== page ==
Leaf-inhabiting lichens (foliicolous lichens) are characteristic of rainforest jungle habitats. They use the long-lived leaves of angiosperm plants as a surface for growing, and they may also benefit from increased water vapor presence because of leaf evapotranspiration.
Because of poor soils and other conditions, tropical rainforest plants retain their leaves last for several years, providing an ideal substratum for the lichens. As epiphytes, the lichens do not obtain nutrients from the host plant. During wet periods, the lichens are translucent and do not interfere with leaf photosynthesis.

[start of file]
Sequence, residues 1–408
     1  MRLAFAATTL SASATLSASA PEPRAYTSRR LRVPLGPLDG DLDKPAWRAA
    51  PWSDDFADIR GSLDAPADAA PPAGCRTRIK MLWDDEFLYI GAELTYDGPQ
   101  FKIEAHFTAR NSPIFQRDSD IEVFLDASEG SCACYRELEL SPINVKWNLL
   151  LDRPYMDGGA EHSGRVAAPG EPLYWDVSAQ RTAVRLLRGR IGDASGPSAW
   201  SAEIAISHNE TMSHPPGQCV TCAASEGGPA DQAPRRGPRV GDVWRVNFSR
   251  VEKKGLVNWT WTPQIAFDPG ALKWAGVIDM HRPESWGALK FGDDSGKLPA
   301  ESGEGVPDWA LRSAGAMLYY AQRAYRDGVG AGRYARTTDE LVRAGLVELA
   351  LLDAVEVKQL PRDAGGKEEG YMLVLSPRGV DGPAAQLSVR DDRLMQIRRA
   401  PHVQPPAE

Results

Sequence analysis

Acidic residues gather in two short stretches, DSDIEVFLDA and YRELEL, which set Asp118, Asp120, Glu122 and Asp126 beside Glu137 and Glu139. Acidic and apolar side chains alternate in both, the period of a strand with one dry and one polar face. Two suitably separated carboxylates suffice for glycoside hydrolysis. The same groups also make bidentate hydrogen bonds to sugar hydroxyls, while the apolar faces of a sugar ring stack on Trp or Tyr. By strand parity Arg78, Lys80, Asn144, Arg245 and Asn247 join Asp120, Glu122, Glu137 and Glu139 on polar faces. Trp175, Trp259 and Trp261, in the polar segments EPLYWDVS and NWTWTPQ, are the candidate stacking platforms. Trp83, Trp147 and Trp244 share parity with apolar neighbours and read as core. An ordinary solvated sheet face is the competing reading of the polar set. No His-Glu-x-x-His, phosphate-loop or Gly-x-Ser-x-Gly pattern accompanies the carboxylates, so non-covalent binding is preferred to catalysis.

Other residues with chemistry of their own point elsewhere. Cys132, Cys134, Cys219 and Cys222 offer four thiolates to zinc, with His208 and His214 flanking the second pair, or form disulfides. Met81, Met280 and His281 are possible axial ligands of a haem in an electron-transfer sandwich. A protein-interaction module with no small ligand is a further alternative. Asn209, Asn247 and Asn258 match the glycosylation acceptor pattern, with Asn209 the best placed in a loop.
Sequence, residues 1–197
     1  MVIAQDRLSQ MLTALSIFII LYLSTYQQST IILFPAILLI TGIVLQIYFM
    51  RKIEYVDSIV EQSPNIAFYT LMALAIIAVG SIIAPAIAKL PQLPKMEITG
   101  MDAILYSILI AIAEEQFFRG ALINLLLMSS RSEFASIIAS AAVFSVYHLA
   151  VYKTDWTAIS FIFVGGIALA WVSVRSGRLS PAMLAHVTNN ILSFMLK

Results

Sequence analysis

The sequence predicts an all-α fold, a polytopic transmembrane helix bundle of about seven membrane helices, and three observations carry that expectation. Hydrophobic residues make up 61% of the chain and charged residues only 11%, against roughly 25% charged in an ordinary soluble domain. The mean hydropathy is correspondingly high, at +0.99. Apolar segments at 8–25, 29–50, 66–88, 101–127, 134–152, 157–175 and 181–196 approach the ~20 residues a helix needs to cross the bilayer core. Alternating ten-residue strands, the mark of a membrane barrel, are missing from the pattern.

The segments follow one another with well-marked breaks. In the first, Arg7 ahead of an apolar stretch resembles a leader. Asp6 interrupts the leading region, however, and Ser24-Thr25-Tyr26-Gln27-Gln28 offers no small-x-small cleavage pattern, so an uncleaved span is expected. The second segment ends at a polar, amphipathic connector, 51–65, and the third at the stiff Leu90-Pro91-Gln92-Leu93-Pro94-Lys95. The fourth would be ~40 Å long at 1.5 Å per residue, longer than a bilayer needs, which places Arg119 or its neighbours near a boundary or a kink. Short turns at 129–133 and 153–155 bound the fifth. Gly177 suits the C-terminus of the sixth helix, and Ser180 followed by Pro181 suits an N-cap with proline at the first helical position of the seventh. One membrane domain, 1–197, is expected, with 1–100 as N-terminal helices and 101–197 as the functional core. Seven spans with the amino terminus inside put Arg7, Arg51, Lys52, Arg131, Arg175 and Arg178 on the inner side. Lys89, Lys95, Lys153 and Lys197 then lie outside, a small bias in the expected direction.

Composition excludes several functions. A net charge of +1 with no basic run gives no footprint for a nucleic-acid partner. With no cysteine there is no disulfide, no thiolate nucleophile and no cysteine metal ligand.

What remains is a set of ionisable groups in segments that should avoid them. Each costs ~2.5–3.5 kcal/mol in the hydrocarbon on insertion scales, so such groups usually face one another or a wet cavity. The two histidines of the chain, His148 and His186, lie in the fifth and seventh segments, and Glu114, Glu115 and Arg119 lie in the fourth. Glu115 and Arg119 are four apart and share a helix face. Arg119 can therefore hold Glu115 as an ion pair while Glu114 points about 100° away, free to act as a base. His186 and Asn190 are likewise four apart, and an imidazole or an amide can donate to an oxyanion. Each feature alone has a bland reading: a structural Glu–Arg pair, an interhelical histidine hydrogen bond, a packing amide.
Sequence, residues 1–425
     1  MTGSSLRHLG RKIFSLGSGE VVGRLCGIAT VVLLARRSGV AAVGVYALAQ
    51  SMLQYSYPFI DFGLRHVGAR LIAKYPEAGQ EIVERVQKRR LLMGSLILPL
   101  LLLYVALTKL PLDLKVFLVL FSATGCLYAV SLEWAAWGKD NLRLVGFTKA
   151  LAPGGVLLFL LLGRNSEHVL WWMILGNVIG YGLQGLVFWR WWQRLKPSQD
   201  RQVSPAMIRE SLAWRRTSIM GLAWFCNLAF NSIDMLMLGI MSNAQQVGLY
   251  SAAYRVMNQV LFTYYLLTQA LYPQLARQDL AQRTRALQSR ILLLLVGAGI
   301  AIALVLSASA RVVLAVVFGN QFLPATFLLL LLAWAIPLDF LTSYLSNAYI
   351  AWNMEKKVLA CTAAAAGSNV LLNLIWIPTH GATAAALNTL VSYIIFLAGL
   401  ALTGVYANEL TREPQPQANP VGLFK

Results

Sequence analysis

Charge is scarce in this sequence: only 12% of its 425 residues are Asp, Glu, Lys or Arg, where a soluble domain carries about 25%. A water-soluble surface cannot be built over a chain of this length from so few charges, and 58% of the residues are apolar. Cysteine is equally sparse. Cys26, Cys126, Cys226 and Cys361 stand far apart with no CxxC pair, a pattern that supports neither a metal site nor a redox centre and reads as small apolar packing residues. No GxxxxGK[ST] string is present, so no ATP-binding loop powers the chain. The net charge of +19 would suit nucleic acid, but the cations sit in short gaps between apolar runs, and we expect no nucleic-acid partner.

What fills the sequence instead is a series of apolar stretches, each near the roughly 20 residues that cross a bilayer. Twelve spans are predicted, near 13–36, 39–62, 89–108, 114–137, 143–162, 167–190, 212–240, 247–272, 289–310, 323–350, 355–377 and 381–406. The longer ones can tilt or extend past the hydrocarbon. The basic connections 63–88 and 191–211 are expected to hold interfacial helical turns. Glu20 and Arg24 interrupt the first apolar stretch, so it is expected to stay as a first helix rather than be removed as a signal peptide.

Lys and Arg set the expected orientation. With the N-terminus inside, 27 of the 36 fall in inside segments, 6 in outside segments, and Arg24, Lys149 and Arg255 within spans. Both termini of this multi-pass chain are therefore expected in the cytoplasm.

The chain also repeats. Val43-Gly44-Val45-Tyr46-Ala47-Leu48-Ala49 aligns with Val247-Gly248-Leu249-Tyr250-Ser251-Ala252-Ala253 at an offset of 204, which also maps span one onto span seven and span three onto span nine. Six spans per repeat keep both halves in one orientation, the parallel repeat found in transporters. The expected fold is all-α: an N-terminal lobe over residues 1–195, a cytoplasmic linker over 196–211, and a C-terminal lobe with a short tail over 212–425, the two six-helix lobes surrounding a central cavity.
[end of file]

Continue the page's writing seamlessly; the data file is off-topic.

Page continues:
In this semi-dark environment, both plants and lichens have evolved to do photosynthesis in attenuated light conditions. Even the algal hosts of these lichens are unusual, and do optimum photosynthesis under the cover of the jungle canopy.
Little is known about leaf lichens, taxonomically, morphologically, or ecologically. They may participate in multiple symbioses like many of the jungle organisms.
For great closeups of leaf-inhabiting lichens see: